The role of lipid peroxidation in the pathogenesis of Duchenne muscular dystrophy
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Duchenne muscular dystrophy (DMD) is a progressive muscle disease which is eventually fatal due usually to respiratory and cardiac failure. Although DMD is known to be an inherited, X-linked, disease the nature of the genetic defect remains elusive. Biochemical and histological evidence points to a lesion in the cell membranes of muscle and possibly other cell types although the nature of this lesion has not been elucidated. One of the many theories is that membrane lipid peroxidation causes the membrane damage and consequent necrosis seen in DMD. The aim of this work was to search for evidence relating to this theory using cultured skin fibroblasts (CSFs) and blood plasma. It was demonstrated that whole cultures of DMD CSFs, show markedly increased MDA production which distinguished them from normal control CSFs. Both CSFs grown in a medium without PUFA and with PUFA showed that lipid peroxidation occurs in a time-dependent manner and higher levels of MDA were found in control and EMD CSFs incubated in PUFA. It was also found that washed CSFs showed a considerable increase in MDA production compared with unwashed ones. The concentration of tert-butyl hydroperoxide (TBH) which is just below the minimum toxic level for CSFs was determined and found to be 50mumol/l. Although lipid peroxidation products (MDA and FP) were not significantly different in the washed particulate fraction from DMD and normal control CSFs, these products (CD, MDA and FP) were significantly higher in total homogenates from EMD compared with normal control CSFs suggesting that membrane lipid peroxidation may not be entirely membrane-dependent but also probably involves cytoplasmic components. Protection by a GSH-dependent cytosolic factor from CSFs against lipid peroxidation in a model system was examined. This work strongly indicates that DMD CSFs have a better protection system than normal controls. All three lipid peroxidation products (CD, MDA and FP) were measured in plasma and found to be significantly Increased in DMD (P<0.02; P<0.01; P<0.001 respectively) compared with normal control. The stability of the products (CD, MDA and FP) in EMD and normal control plasma was examined during storage for up to 3 years at -20°C. There was a significant increase of MDA and FP concentrations with time but no significant changes in CD for both DMD and controls with time of storage. There was a significant positive correlation between MDA. concentration and age but not for CD and FP concentrations. Total plasma antioxidant activity (AOA) is markedly higher in DMD (76%) than in normal controls (63%) and significantly different (P<0.001). AOA and MDA were positively significantly correlated (P<0.05) in EMD plasma. Plasma vitamin E concentration is significantly lower (P<0.002) in EMD than in normal controls (4.14+/-,2.00 compared to 9.30+.2.45 mg/litre) but not significantly correlated with plasma AOA (P>0.05). A general but small decrease in alpha-tocopherol was seen in both EMD and control during storage (-20°C) up to 3 years. There was no correlation between age and vitamin E concentration for a group of adults (ages 18-35) and children (ages 3-14). Lastly plasma transferrin concentration shows no significant difference between DMD and normal controls (P>0.05) but a significant increase in caeruloplasmin was found in DMD patients compared with normal controls (P<0.001). Neither levels of transferrin nor caeruloplasmin (in IWD and normal controls) were influenced by time of storage (-20°C). Further both proteins showed no significant difference with age of subject.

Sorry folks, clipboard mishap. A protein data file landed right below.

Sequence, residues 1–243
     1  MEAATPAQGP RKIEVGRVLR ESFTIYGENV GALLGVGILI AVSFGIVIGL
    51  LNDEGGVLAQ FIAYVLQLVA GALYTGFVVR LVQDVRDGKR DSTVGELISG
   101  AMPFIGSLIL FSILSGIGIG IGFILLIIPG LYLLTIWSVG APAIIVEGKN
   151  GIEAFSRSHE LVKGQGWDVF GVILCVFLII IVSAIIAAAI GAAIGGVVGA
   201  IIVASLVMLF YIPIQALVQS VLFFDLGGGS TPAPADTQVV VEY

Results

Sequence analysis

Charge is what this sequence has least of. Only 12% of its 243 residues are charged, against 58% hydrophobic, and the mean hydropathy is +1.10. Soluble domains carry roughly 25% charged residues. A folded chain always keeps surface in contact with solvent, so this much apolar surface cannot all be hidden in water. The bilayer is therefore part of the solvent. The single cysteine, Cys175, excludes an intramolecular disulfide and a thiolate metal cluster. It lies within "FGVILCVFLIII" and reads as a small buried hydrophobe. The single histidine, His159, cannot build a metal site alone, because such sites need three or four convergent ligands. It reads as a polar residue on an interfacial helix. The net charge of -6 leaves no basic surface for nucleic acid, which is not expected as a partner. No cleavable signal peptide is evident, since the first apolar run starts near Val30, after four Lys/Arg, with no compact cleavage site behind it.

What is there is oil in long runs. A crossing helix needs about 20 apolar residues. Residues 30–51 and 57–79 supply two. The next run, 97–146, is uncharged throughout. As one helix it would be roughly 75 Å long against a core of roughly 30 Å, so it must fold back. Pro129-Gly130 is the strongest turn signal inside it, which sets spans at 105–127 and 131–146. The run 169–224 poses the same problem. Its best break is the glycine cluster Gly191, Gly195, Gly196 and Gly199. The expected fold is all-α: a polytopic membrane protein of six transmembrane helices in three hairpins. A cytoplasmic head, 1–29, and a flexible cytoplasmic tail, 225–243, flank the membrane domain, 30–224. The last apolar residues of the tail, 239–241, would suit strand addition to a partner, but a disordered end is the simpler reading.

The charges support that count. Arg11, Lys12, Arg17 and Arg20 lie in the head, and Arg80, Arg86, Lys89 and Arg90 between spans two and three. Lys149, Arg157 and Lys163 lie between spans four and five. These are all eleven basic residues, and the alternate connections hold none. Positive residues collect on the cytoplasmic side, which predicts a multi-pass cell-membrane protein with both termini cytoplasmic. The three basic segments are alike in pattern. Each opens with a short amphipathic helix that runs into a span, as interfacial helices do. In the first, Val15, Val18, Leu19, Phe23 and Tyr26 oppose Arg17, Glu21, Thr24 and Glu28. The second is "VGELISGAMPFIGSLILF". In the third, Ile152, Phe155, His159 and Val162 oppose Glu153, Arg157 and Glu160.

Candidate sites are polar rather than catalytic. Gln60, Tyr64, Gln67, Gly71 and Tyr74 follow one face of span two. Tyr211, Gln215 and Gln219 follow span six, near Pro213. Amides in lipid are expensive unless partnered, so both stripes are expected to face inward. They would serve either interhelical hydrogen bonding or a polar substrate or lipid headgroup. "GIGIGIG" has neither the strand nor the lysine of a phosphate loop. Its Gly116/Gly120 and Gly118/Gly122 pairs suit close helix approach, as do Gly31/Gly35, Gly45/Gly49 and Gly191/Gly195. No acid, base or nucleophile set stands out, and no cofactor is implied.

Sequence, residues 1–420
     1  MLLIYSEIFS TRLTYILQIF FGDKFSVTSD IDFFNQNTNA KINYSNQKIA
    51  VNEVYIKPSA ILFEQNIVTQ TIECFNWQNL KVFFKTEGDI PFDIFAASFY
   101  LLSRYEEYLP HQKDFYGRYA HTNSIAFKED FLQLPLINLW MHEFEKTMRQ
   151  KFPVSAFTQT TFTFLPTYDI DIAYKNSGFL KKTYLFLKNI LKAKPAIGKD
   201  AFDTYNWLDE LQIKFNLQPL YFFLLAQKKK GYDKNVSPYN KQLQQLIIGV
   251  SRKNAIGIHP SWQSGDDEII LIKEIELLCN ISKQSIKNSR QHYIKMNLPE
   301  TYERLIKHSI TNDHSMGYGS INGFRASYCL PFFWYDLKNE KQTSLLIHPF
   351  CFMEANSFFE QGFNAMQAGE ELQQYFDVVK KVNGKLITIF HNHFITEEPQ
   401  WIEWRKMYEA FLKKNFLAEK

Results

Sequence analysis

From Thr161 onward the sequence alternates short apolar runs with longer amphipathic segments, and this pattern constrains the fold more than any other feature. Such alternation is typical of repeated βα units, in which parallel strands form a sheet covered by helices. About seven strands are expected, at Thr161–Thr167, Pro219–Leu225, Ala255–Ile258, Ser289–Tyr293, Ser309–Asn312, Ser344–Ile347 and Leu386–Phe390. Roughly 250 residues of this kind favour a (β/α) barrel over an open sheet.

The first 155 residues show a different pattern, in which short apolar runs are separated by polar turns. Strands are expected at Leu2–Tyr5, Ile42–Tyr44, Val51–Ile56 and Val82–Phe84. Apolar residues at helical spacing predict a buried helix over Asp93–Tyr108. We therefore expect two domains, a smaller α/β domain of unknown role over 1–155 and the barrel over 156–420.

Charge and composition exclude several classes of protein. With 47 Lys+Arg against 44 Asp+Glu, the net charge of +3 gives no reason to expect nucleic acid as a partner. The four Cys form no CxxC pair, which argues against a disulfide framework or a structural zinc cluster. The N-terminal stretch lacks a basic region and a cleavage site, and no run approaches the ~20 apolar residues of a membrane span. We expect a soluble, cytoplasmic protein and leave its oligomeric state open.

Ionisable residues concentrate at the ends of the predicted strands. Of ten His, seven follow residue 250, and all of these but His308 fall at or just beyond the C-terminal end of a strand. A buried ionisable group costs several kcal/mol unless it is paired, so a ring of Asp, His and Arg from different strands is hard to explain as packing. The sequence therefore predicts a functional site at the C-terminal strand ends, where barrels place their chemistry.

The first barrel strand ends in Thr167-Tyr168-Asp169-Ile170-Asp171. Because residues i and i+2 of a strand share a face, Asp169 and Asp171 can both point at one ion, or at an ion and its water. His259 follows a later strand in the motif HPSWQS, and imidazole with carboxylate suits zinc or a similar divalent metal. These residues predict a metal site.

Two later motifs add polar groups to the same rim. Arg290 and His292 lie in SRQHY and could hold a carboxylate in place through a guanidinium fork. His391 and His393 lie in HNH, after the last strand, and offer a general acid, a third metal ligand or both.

Thesis, PhD Doctor of Philosophy
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